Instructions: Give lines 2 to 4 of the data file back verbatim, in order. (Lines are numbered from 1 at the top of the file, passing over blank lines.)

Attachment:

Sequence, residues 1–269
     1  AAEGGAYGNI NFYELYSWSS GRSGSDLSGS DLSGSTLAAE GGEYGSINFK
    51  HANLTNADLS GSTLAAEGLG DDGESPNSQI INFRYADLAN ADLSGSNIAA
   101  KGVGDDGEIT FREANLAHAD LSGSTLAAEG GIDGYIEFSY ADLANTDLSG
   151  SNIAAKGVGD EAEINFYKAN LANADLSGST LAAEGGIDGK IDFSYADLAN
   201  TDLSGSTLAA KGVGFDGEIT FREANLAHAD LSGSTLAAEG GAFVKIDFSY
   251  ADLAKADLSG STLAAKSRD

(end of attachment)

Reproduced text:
     1  AAEGGAYGNI NFYELYSWSS GRSGSDLSGS DLSGSTLAAE GGEYGSINFK
    51  HANLTNADLS GSTLAAEGLG DDGESPNSQI INFRYADLAN ADLSGSNIAA
   101  KGVGDDGEIT FREANLAHAD LSGSTLAAEG GIDGYIEFSY ADLANTDLSG